A brief history of the City of Norwich

The Domesday Book records that on the eve of the Norman Conquest of 1066, in the reign of King Edward the Confessor, Norwich was already a substantial borough containing 1,320 burgesses.

The earliest document preserved among the records of this borough is its first surviving charter, dated c1158.

The charter (translated from its original Latin) records that King Henry II:

“Granted and confirmed to my burgesses of Norwich all the customs and liberties and quittances which they had in the time of King Henry my grandfather.”

Norwich’s second surviving charter is that of Henry II’s son Richard I, dated 1194.

This is a more significant document as it refers to Norwich as a city and, in addition to confirming existing rights and customs, confers a new measure of independence.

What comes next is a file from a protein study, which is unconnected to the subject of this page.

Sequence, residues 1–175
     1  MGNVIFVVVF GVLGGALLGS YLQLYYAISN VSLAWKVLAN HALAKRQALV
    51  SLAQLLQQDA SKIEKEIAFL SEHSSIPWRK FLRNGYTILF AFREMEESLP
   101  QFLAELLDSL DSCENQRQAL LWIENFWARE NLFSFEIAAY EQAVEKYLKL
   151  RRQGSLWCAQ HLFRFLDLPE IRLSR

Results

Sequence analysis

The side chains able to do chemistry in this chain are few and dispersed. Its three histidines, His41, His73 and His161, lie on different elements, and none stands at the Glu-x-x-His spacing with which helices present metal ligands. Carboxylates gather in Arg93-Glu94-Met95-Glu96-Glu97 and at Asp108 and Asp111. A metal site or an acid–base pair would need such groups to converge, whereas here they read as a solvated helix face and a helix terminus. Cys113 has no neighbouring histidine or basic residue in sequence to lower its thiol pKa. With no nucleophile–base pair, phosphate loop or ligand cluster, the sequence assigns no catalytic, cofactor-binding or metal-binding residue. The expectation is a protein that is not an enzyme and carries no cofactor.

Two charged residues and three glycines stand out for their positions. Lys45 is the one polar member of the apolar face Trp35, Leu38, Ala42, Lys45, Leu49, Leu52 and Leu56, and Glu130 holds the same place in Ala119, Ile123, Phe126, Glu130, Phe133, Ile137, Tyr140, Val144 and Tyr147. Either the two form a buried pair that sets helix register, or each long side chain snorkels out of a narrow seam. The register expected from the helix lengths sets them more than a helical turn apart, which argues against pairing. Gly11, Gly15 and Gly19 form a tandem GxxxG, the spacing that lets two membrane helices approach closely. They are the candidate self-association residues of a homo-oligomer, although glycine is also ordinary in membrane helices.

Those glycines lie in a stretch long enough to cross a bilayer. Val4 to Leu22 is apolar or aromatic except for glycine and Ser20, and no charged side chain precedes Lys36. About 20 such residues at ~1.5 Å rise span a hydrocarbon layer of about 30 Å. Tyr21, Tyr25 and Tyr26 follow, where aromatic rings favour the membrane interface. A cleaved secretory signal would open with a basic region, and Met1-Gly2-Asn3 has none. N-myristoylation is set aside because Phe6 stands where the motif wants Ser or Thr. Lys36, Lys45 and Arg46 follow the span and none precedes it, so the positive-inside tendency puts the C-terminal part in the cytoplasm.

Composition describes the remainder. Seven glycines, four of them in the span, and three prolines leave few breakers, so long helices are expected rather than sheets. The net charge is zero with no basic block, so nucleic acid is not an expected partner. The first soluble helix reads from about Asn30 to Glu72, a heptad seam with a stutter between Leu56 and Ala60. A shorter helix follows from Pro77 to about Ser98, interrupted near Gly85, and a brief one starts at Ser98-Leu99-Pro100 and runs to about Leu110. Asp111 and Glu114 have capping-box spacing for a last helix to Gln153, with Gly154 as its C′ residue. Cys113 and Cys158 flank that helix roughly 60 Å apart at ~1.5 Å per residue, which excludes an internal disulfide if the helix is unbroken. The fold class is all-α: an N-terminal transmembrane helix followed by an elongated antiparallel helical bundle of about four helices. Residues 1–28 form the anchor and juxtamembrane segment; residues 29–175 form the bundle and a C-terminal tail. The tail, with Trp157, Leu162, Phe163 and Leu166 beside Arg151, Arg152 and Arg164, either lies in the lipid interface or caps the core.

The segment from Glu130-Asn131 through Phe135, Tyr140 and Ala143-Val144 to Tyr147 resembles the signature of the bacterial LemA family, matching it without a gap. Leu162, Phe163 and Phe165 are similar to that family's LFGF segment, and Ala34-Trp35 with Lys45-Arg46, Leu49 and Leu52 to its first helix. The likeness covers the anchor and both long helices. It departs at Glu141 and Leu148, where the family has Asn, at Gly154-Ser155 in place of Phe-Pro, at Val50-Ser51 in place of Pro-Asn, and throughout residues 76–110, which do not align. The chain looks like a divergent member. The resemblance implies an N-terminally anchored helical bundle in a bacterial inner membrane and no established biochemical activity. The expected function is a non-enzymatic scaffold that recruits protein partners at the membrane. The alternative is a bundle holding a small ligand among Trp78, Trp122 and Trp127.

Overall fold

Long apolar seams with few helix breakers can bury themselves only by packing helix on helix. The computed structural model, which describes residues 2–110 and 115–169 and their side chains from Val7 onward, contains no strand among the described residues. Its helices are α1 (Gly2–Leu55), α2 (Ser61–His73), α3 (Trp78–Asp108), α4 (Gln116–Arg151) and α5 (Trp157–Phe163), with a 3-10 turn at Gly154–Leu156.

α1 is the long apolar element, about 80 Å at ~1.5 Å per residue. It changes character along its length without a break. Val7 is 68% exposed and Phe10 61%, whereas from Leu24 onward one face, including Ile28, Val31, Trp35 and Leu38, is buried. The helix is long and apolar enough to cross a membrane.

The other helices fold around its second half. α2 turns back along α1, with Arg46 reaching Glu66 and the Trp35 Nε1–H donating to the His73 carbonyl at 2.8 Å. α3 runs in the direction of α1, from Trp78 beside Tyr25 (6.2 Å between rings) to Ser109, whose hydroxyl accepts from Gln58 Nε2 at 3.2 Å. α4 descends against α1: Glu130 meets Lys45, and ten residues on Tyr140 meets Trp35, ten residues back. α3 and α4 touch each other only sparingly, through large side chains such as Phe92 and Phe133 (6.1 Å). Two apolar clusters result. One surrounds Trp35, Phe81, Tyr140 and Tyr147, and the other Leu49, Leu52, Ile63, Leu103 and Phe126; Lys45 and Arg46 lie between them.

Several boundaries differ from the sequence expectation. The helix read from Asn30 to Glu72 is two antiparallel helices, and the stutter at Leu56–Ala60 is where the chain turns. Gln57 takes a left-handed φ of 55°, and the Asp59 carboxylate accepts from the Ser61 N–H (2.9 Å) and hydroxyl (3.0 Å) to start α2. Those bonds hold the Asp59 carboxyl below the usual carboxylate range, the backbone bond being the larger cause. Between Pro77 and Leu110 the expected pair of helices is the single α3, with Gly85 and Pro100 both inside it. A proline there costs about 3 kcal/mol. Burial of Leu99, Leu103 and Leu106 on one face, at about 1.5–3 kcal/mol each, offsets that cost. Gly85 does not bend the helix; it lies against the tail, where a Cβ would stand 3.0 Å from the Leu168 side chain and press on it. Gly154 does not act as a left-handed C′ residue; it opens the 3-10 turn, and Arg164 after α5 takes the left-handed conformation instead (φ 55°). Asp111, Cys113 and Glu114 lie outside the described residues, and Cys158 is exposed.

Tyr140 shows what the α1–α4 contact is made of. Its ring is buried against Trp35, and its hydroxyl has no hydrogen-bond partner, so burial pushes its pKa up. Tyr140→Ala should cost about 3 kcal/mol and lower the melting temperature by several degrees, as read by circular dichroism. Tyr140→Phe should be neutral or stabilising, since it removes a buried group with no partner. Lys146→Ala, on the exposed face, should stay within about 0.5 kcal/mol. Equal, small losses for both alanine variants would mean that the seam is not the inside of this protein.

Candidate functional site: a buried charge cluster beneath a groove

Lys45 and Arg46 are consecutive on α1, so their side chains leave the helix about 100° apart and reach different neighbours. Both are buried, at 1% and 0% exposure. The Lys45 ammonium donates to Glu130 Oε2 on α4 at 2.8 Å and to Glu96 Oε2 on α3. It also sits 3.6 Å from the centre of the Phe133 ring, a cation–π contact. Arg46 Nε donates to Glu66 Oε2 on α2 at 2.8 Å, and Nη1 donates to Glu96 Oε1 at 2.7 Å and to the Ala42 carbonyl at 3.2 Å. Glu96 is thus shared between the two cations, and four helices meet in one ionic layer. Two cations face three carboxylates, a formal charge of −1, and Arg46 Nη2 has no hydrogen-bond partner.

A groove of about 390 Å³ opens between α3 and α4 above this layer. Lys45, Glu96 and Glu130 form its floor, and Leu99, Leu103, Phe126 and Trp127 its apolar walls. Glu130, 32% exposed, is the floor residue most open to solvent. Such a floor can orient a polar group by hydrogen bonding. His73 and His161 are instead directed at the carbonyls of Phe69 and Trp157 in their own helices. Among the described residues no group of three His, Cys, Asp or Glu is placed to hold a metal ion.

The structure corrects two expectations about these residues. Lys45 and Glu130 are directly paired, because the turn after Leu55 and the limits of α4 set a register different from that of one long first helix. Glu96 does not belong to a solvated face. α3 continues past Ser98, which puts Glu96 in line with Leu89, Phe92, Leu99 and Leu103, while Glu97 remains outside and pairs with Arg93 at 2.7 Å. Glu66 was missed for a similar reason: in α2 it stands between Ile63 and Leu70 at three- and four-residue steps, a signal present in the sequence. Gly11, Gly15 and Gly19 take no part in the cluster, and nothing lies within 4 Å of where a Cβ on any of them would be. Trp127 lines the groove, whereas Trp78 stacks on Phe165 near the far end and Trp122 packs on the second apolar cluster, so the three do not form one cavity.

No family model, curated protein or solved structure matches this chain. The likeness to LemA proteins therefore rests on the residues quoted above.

King Richard gave “to our citizens of Norwich” (civibus nostris Norwici) the right to elect their own reeve.

Each year this reeve was to send the city’s ‘fee-farm’ (or perpetual rent) directly to the Royal Exchequer, instead of through the county sheriff as before.

Many more royal charters and letters patent followed. The most significant was the charter of Henry IV, dated 1404, which made the City of Norwich a county in its own right, separate from the county of Norfolk.

The “Citizens and Commonalty” were also empowered to choose a Mayor and two Sheriffs from among themselves every year.

The Municipal Corporations Act of 1835 reformed local government in cities and boroughs, creating a more uniform system of governance throughout the country.

As a result, this year is usually regarded as a watershed in terms of the arrangement of borough archives.

Records were, sometimes artificially, divided into pre-1835 and post-1835.

The City of Norwich archive is listed under the headings of the pre-reformed and reformed corporation (NCR and N respectively in the catalogue).

Our summary of pre-1835 City of Norwich records provides more information about the main series of pre-reformed records.

On 1 April 1974, under the Local Government Act of 1972, Norwich ceased to be a county.

Its powers to run various services (such as education, social services and libraries) were transferred to Norfolk County Council.